Fossils of the ancient bacteria dating back 2.5-billion years have been found in a rock near Kuruman in the Northern Cape.
Geologist at University of Johannesburg Nicolas Beukes‚ says the planet’s atmosphere contained very little oxygen at the time, which was not sufficient for oxygen breathing orgasms to survive.
The atmosphere back then existed, but was depleted in oxygen and likely was richer in CO2 and Nitrogen, says Beukes.
These fossils are very large fossils. They are made up of organic matter. And when we compare the structure of these fossils with non-living organisms today, the best fit appears to be with organisms today that are know to oxidise sulfur.— Nicolas Beukes‚ University of Johannesburg geologist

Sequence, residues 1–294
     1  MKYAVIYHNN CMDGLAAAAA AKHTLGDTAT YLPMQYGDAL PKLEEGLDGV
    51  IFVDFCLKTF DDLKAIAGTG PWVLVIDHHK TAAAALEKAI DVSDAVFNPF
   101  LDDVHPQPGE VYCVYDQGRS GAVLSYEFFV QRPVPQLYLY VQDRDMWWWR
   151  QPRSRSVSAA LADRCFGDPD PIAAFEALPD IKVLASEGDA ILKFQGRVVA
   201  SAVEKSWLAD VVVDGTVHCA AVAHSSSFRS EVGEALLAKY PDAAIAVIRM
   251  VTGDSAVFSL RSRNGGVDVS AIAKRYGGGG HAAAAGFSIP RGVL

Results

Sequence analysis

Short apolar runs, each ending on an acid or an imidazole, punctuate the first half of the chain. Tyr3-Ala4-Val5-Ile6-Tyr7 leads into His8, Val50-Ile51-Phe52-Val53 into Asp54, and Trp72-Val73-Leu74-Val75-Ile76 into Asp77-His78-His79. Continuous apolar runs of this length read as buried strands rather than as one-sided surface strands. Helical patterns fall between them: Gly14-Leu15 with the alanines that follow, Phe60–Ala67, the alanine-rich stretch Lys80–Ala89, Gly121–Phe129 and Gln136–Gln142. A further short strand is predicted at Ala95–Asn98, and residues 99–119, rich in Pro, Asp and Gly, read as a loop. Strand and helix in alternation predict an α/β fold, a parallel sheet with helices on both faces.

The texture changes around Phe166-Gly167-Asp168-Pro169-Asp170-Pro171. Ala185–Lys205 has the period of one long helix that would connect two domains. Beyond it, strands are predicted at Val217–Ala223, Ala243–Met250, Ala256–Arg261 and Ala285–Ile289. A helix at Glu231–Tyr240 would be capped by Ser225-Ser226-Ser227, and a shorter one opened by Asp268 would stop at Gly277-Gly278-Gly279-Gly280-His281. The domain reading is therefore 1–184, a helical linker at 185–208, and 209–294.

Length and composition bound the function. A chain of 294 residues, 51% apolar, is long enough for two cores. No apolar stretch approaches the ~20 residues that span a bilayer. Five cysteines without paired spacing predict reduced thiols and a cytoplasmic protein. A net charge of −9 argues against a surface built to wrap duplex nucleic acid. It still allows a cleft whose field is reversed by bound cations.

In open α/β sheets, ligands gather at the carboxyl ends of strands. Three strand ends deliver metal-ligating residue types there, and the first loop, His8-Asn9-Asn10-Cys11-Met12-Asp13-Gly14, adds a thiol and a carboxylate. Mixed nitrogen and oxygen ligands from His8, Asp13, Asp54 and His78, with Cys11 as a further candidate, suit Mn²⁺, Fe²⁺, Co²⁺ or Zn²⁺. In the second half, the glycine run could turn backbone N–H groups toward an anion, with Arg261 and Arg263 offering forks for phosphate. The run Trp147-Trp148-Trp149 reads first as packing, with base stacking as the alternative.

These organisms probably used sulfur to oxidise and get energy from that.— Nicolas Beukes‚ University of Johannesburg geologist
The other thing we know from the succession is that they lived in very deep water, away from sunlight. There was no sunlight available.— Nicolas Beukes‚ University of Johannesburg geologist
Listen to the audio below to hear more about these fossils...
This article first appeared on 702 : Scientists find 2.5-billion-year-old fossils in Northern Cape